2019-10-10 | Memory | Dream Boat
Yesterday I emailed the author of Collapse OS to share some of my Z-80 projects. I heard back from the author and talked a bit about what I was working on that was similar in the present. I also mentioned that odd feeling of writing for the future. In addition to the pink beam idea, which is a bit of a weird idea, I told him about the idea of a dream boat.
When I was in second grade, they didn't know what to do with me. A local high school student volunteered to help kids with problems, and I was the kid. I remember she took me on a walk to a nearby creek. She said something about a dream boat, and I told her that I didn't know what that was. She explained that a dream boat was a tiny boat you put in the stream with a small candle. You would watch it drift downstream and wish on your dream boat, who was a person you wanted to fall in love with you.
Collapse is like an event horizon or a line 1/x. Nobody on this side can see across. There are any number of ways this can go down. We are aware of the current predicament. We are aware that humans still use 4 billion gallons of oil and related equivalents (natural gas) each day. We are aware that not only does our economy rely on this for everything, but that it is triggering positive feedback loops associated with global warming. Any kind of speculation on the other side of collapse, though, is foolish, besides, well, things will be much different and many will die between here and there.
Some of us attempt to address this, and have come to similar conclusions about what to do in the present. The author of Collapse OS is looking at the supply chain associated with computers, and trying to provide the future with a means to bootstrap from TI-84+ calculators and other Z-80 consumer items. Until today, I didn't know that the Z-80 was still in production in a modern consumer device. My focus is on portable means for systems analysis. My take is that it is impossible to predict what will be needed on the other side of the event horizon of collapse, but resilience at the other side (and interim states, whatever those are) will not only benefit from these tools, but could be used to make better choices.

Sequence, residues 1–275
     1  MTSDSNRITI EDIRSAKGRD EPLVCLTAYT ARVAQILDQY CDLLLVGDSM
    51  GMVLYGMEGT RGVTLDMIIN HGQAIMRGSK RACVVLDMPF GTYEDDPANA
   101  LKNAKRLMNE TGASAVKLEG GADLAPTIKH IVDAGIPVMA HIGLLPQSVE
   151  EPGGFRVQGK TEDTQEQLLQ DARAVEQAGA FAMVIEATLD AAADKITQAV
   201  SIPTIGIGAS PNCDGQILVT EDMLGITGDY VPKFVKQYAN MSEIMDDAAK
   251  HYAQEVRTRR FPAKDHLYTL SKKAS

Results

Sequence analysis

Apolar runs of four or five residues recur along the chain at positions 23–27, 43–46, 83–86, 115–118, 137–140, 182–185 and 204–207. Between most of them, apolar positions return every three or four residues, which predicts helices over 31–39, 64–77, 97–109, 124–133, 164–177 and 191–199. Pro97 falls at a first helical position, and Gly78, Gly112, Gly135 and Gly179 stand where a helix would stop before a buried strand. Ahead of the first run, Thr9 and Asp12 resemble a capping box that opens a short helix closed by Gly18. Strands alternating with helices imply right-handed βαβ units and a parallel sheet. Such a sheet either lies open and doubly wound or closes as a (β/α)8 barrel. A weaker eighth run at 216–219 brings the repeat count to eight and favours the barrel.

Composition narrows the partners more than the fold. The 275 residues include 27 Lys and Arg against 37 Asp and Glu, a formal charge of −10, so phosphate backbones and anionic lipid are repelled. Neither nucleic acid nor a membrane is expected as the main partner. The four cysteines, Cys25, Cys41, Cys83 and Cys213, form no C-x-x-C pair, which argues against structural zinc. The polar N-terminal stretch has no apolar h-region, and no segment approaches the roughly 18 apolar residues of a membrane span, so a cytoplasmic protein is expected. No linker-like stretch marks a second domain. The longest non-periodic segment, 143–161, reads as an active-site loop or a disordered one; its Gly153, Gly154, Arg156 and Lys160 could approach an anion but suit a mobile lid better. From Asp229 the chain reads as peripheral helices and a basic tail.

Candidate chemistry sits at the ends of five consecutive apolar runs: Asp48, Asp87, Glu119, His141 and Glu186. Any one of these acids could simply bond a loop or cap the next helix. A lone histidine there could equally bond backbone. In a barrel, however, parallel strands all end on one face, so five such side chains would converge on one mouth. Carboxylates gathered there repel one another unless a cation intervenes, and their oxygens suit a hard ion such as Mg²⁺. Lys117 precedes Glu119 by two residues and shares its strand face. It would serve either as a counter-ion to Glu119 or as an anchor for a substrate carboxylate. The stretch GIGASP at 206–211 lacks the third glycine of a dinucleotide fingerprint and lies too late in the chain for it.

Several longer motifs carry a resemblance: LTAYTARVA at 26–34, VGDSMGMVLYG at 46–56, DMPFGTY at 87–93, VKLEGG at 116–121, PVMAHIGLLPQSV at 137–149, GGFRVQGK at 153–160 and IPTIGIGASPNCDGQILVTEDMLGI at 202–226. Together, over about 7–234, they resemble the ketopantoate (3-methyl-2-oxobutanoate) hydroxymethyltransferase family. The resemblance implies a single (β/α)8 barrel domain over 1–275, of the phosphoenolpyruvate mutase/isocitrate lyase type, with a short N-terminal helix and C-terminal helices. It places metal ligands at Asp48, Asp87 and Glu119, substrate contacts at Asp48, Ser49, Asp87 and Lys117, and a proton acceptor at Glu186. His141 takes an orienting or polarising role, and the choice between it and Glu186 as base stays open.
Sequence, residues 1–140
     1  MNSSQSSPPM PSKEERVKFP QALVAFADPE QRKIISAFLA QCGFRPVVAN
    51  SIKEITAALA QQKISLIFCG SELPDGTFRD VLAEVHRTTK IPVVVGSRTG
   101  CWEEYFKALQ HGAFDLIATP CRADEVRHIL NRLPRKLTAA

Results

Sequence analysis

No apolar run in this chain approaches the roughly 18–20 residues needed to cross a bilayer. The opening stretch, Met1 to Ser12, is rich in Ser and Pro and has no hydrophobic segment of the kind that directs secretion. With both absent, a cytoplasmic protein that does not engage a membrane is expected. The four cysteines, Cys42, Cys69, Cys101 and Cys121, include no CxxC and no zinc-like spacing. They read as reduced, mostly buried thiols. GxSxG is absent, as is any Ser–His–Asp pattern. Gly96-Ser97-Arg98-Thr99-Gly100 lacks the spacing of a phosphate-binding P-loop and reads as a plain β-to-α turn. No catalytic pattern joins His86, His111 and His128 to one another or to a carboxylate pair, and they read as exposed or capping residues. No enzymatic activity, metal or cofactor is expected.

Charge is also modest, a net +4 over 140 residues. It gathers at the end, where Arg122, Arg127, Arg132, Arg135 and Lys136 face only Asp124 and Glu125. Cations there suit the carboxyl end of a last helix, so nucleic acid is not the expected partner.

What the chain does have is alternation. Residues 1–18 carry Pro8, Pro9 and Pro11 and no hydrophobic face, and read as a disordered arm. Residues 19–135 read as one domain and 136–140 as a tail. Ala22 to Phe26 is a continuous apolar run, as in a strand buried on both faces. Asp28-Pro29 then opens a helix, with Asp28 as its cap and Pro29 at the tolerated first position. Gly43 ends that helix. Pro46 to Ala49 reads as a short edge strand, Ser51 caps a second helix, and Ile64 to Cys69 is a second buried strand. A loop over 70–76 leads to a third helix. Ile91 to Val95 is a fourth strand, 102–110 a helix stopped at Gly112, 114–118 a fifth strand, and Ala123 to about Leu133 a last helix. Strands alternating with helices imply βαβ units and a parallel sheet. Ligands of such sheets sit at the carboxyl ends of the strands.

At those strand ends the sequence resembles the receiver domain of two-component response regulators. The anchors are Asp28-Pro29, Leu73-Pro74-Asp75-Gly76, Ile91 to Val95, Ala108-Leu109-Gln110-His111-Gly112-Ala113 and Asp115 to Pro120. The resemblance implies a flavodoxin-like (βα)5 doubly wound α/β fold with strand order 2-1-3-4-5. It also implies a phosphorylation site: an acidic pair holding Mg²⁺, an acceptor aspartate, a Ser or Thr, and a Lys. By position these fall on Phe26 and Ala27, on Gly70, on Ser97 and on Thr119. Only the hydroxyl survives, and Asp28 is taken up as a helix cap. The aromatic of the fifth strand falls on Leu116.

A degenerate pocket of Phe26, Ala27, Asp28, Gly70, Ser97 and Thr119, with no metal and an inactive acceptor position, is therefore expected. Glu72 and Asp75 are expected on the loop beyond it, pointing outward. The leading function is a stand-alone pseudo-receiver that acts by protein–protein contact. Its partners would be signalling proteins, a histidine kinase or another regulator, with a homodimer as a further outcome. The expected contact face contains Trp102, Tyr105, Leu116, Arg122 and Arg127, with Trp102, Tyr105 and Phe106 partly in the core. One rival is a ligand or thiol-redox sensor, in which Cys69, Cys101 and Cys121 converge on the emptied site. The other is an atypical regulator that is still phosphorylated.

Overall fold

I don't know that I've ever referred to the offering to the future as a dream boat before today. It kind of makes sense. It is something that is mostly imaginary, if this is your approach. You can't see the person. You hope they will fall in love with you, and so you send this tiny boat down the stream. The metaphors, here, are rich and luscious. I also like it that for me, personally, there is an innocence, here, because it is a memory of second grade, when I was barely able to grasp the world. Everything seemed magical, whether it was the Sno Boy truck or L. Frank Baum's books. A couple of years later I became fascinated by the movie Paddle to the Sea, which is appropriate on many levels in this stream of memory and correlation.
As I considered this, I realized that I was confused about whether the person who told me about dream boats was the woman who helped me in second grade or my aunt. My aunt is my dad's youngest sister, and she is relatively close to me in age. When I was in second grade she was still in high school (perhaps in college, but still relatively young). At first I thought that my aunt was the one that told me, but it doesn't fit with the stream, which was where I remembered hearing the story. It may be that my aunt is the one that told me. I also have the story of Alley Oop mixed in there, which I associated with my aunt. She was surprised that I had never heard of the Alley Oop comic. My memory is that she said that Alley Oop launched a dream boat. I'm sticking with the local high school woman for the dream boat story, though, for now.
Memory has a similar texture as the future does from this perspective. The correlations of a young brain and fifty years of time are certainly not as difficult to penetrate from the present as fifty years in the future, across collapse, but I can see it is a similar challenge. What I like about relating these two, is that it softens the stance in the present. In a way, trying to recreate these memories is equally as directional. My 2nd grade self knew very well what was going on in the present, but there were also many mysteries. It was a completely different world. Little about what I am saying now would make sense to me in 2nd grade. I could say I was making a Paddle to the Sea boat, or a dream boat, and that would make sense.
I did some searching on Alley Oop to see if I could find a reference to a dream boat. I'm still not entirely sure I have the story right, and now that I've added Paddle to the Sea to the water of memory, I am even more unsure. It turns out that as of today Alley Oop is from the future and time travels back to 1986 to recover a mix tape.collapse